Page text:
By: Lauren Hicks
I wanted to make foods that represented the flavors of Southwestern Native American cooking before contact with the Spanish. This meant recipes without butter, milk, or spices not native to the southwestern region of the US. Corn and beans are known to be a staple of the Southwestern Native American diet, and the recipes I chose (Zuni succotash and Navajo blue bread) are based on those staple items. Here are the recipes:
To make the bread, I needed juniper ash. So, I collected branches of juniper to ash for the Navajo blue bread. I used a Coleman outdoor grill powered by propane and a metal bowl covered in foil to collect the ashes.
At first I tried to burn the juniper branch and shake it into a bowl, but with trial and error, I figured out the best way to do it was to light a small fire in the bowl with some juniper twigs.
For the recipe, which I doubled, I put four tablespoons of juniper ash into two cups of boiling water and strained the ash water through cheesecloth into four cups of blue cornmeal. The preface to the recipe I used said the ash helped the blue cornmeal keep its color, but sources I found online, such as https://navajorecipes.com/corn/juniper-ash/, state that it is used to boost calcium content of the cornmeal. According to the website, blue cornmeal without ash has only 2.4mg of calcium per cup, while blue cornmeal with ash has 802 mg of calcium per cup. That’s a significant nutritional boost, and when you consider the fact that the Navajo did not have milk before Spanish contact, it could be seen as a way to manage a lack of calcium in their diet.
Once I had the blue cornmeal dough, I added some more water until it was an easily moldable consistency and made thin, 3 inch round circles of meal.
I molded each circle right before I placed them in the pan, as the dough was drying out quickly in the bowl and dried out even more if you made the circles ahead of time. I also added a small amount of salt and honey to the dough.
The recipe called for each piece of bread to be cooked ten minutes per side, but even at the lowest heat that was entirely too long. I judged whether they were done by a slight browning in color on either side, kind of like pancakes. As I would put two down in the pan, I would make two more and put those in, then flip the first ones and continue by making two more. This process gave me an even cooking time for all the cakes.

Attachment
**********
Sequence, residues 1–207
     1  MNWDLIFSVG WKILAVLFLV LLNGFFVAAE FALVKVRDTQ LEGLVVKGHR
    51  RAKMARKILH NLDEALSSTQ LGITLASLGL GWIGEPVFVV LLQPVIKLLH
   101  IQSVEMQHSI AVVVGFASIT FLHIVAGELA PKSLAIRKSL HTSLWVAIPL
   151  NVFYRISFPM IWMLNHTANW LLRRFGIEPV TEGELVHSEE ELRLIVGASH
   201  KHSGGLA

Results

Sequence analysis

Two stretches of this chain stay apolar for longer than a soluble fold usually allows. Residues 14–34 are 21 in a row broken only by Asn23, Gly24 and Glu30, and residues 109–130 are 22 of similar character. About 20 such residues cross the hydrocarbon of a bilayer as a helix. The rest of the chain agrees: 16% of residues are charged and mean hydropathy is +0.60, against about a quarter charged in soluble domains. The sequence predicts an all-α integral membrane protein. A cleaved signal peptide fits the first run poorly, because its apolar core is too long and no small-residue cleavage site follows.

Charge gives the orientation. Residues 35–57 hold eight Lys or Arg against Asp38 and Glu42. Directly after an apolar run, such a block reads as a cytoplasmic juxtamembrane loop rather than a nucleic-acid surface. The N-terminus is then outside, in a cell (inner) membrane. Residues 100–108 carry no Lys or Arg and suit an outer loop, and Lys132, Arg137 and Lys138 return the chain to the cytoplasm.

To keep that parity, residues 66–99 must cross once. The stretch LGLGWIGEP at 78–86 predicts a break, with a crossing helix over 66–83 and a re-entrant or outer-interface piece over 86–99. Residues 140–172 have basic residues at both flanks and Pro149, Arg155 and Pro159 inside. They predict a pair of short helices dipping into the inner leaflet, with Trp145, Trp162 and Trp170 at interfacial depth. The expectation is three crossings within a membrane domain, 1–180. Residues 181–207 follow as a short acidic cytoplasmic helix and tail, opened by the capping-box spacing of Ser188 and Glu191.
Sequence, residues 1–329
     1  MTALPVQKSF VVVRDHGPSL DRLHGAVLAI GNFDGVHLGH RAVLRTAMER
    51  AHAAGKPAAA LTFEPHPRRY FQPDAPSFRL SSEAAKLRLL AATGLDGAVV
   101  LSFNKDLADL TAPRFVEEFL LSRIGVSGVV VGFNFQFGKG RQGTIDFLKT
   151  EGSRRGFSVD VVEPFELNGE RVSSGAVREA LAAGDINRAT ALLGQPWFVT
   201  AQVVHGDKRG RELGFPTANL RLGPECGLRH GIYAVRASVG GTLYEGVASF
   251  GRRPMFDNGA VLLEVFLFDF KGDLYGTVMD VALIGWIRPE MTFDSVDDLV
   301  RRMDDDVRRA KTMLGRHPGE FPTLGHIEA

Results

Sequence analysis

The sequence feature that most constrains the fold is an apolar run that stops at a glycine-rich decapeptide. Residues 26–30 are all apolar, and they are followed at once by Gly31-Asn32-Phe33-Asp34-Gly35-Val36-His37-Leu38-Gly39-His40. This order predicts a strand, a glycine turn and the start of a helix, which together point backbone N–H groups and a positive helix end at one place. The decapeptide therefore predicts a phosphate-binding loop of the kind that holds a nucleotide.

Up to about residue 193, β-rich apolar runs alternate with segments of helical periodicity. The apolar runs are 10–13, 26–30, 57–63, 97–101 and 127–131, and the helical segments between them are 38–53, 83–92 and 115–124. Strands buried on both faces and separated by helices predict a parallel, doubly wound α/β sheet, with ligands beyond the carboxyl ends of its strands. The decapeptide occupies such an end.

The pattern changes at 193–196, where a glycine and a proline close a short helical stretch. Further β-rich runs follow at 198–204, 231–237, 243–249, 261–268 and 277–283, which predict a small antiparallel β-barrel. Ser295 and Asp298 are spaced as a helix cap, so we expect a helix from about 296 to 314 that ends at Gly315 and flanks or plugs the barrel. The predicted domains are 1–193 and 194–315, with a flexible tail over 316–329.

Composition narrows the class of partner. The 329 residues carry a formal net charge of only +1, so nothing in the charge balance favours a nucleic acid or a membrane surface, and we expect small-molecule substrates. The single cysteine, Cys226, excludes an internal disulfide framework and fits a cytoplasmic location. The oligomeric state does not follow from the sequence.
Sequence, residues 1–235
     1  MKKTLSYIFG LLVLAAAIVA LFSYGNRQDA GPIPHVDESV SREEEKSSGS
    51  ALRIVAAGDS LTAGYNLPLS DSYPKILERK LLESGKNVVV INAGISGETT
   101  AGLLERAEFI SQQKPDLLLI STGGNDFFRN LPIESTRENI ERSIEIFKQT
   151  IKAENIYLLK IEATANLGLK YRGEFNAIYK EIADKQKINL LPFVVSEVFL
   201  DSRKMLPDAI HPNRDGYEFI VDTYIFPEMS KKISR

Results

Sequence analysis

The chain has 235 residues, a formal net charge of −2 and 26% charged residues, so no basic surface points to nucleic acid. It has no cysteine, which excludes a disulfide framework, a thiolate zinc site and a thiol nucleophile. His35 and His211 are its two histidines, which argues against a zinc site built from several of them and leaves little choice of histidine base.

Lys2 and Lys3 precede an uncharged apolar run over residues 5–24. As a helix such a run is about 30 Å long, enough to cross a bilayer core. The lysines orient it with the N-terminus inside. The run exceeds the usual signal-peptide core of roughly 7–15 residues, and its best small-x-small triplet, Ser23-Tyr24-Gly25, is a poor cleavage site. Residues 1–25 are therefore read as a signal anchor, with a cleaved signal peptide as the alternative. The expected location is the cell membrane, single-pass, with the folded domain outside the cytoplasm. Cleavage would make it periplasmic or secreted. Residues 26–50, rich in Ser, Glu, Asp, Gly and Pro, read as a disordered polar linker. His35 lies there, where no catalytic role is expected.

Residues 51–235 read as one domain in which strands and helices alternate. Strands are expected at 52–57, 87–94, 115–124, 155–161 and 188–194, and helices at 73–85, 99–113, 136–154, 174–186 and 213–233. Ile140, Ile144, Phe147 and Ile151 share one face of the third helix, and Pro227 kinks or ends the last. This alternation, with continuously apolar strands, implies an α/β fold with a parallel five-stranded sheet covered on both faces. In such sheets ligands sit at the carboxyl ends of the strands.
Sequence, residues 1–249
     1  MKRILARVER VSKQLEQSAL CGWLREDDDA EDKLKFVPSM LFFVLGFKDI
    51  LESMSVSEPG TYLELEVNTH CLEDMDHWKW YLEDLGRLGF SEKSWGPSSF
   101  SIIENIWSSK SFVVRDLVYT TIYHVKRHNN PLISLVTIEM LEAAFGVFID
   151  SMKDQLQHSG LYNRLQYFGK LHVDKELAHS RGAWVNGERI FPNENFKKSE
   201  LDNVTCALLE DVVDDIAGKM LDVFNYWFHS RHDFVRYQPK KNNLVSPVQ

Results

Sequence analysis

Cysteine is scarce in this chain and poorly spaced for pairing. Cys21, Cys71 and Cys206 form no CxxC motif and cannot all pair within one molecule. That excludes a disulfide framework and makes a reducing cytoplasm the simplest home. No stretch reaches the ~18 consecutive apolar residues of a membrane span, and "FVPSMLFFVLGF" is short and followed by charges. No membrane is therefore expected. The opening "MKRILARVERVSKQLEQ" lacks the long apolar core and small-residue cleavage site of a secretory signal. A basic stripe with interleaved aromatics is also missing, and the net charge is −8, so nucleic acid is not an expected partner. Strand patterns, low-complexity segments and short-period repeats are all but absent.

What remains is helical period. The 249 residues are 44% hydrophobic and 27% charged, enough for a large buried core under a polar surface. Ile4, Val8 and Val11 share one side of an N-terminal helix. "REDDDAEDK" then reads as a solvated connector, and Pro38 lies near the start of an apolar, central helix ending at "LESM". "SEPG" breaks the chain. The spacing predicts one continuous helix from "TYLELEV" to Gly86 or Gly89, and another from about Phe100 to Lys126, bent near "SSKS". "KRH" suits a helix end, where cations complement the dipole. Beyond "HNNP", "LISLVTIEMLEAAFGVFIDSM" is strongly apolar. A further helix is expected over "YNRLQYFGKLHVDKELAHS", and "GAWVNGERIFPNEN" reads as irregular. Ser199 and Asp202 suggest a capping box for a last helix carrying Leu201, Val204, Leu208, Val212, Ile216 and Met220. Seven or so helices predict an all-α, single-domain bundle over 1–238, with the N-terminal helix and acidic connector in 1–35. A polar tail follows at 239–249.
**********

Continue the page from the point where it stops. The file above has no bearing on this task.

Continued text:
I dipped the finished cakes quickly in salt water when they were finished, and according to the recipe that is the traditional Navajo way to eat them. On a side note, they were also great with butter and dipped in stews or sauces.
For the Zuni succotash, I used pine nuts to make the pinyon nut or sunflower meal the recipe called for. I put the pine nuts in a plastic bag, then a paper bag over that, and pounded them into a meal with a mallet. I would recommend using a mortar and pestle (which we didn’t have), which is not only closer to the traditional way of making nut meal, it is also easier. The recipe did not specify how much nut meal was to be used, so I just used one bag of pine nuts.
While making the pine nut meal, I also soaked dried pinto beans for an hour and brought them to a boil. I would recommend soaking the beans overnight ahead of time, because the beans took longer than anything else to cook, and the texture of the beans probably would have been better.
In the pot with the beans, I cut the kernels off of four ears of yellow corn (substituted for Native American green corn), around 1 cup of ground beef (substituted for venison) and the pine nut meal. I boiled the Zuni succotash all together for about an hour, and added some salt to season it.
I had a fun time making these recipes and they turned out great. It was especially interesting to make the juniper ash, as I had never seen ash used in food before.